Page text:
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03.06 1 OPERATION IRAQI FREEDOM OPERATION IRAQI FREEDOM Re-Deployment Medical Threat Briefing Name & Unit Prepared by: U.S. Army Center for Health Promotion.

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Presentation on theme: "03.06 1 OPERATION IRAQI FREEDOM OPERATION IRAQI FREEDOM Re-Deployment Medical Threat Briefing Name & Unit Prepared by: U.S. Army Center for Health Promotion."— Presentation transcript:

1 OPERATION IRAQI FREEDOM OPERATION IRAQI FREEDOM Re-Deployment Medical Threat Briefing Name & Unit Prepared by: U.S. Army Center for Health Promotion and Preventive Medicine (800) / DSN /(410)

2 Re-deployment Medical Briefing Purpose of this briefing Background on health concerns Health threats from this region Re-deployment medical requirements Homecoming Stress Summary and where to get more information

3 Purpose of this briefing To ensure that any concerns you may have about your health are addressed and that you understand the medical requirements for re-deployment

4 Background Over 300,000 US and Coalition Forces are re-deploying from support of Operation Iraqi Freedom Of utmost importance is force health protection and addressing concerns you might have about your health

5 Medical Requirements for Re-deployment In-theater – Receiving this post-deployment medical threat briefing – Completing the Post-Deployment Health Assessment (DD Form 2796) – Receiving post-deployment medical screening (of 2796), testing, and follow-up – Understanding where to go for health problems or concerns after you return home Home Station – Tuberculosis skin test (TB), blood draw and any indicated referral appointments, DD2900

6 Medical Threats for the Region Threat Categories – Infectious – Vector borne – Animal associated – Environmental Diarrheal diseases Tuberculosis Malaria Dengue Meningococcal Meningitis Leishmaniasis Q-Fever Rabies Avian Influenza Sandfly Fever Schistosomiasis Typhoid/Paratyphoid Typhus Boutonneuse Fever West Nile Fever Leptospirosis

7 Common Health Problems Reported The most commonly reported health problems observed in theater: Upper respiratory illness Diarrhea

8 Upper Respiratory Infection Can be caused by a number of different things, viruses, bacteria, dust particles The contributing factors are close living quarters, variation in sleep routine, stress, change in hygiene habits Symptoms resolve in a few days If you are experiencing signs of a cold, like draining sinuses, sore throat or cough for more than 2 weeks, seek medical attention

9 Diarrheal Diseases It is normal for almost everyone to have some bowel disturbances due to changes in diet and eating habits Can be caused by bacteria, viruses, or parasites If you currently have diarrhea symptoms (loose watery stools, more than 3 times per day), speak to a health care provider

10 Infectious Diseases: STDs/Bloodborne Sexually Transmitted and/or Bloodborne Diseases – HIV/AIDS – Gonorrhea – Chlamydia – Syphilis – Hepatitis B If you abstained from sexual contact while deployed, you are not at risk for STDs

11 Infectious Diseases: Tuberculosis Tuberculosis disease is present in the Iraqi local population – Caused by a bacteria spread by coughing, sneezing, speaking, or spitting from infected persons Symptoms – Cough continuing for a long time, chest pain, weight loss, night sweats, fever, and weakness The TB skin test will show if you have been exposed to someone with active disease, not necessarily that you have the disease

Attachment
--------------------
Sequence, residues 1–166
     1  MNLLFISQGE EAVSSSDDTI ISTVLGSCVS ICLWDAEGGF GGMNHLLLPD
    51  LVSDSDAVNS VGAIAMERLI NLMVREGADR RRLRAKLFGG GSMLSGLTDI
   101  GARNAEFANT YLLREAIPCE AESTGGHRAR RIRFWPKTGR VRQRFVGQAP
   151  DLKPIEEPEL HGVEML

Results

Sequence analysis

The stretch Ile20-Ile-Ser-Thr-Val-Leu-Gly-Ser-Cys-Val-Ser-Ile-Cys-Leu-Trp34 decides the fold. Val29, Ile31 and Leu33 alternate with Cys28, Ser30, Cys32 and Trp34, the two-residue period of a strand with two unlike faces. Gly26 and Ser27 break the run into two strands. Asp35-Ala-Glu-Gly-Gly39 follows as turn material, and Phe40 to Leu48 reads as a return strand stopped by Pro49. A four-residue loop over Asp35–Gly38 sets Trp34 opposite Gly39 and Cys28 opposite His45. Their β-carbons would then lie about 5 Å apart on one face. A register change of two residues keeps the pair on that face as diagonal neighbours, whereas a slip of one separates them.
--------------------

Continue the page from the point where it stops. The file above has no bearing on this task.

12 Infectious Diseases: Malaria Blood parasite transmitted by mosquitoes – Disease is not in Kuwait – Your risk is very low in most Iraq locations and is seasonally influenced Symptoms – Incubation period: 8-14 days – Symptoms: fever, flu-like illness, chills, headache, muscle aches, and fatigue If you are at high risk of getting this disease you will be told to take malaria drugs – Follow your instructions completely to avoid getting sick!

13 Infectious Diseases: Leishmaniasis A parasite transmitted by sand fly bites Symptoms – Non-healing sores – Sometimes - fever, weight loss, weakness, anemia, swelling of spleen and liver – Symptoms can appear weeks to months after getting bitten If you experience any of these symptoms, while deployed or after you get home, make sure you speak to a health care provider! Sand flies are very small - only one-third the size of mosquitoes.

14 Animal Associated Diseases Naturally occurring Anthrax Rabies Avian Influenza

15 Anthrax (Naturally Occurring) No exposure to bioagent Anthrax reported – Bacteria transmitted by animals, animal hides or contaminated meat Symptoms – On skin. Progresses from bump blister ulcer, swelling, and fever If you have an ulcer with a black scab or that has had a difficult time healing, please make sure you speak to a health care provider

16 Rabies The wild dogs roaming troop areas in Kuwait and Iraq could be carrying rabies Caused by virus in the saliva of infected mammals or bats Rabies is nearly 100% fatal If you were bitten by a dog, or any other animal, post exposure treatment must be started immediately

17 Animal Contact Diseases Avian Influenza H5N1 Rare cases of H5N1 influenza could occur in operational forces exposed to infected poultry flocks. In the unlikely event that H5N1 influenza gains the ability to efficiently spread directly from person to person, initiating a human influenza pandemic, a significant number of operational forces worldwide could be affected. Very severe illness; fatality rate higher than 50% in symptomatic cases Seek medical treatment immediately if you feel ill.

18 Other Disease Threats Other less common infectious diseases are covered in your Redeployment Medical Guide for Missions in Support of Operation Iraqi Freedom tri-fold

19 Environmental Threats Environmental assessments ongoing at all primary troop locations in Kuwait and Iraq Air, soil and water analyzed for: – Pesticides – Chemicals and heavy metals – Radiation As of May, 2003, particulate matter (dust) levels were a moderate hazard but no other health risks found Smoke from battlefield and oil well fires was not a health hazard

20 Environmental Threats: Dust Dust levels are consistently higher than other areas of the world Smoke and air pollution are similar to many industrial areas in the US Can cause runny nose, sore throat and cough; may worsen allergies Symptoms usually resolve in a few days after leaving the area; if not, seek medical attention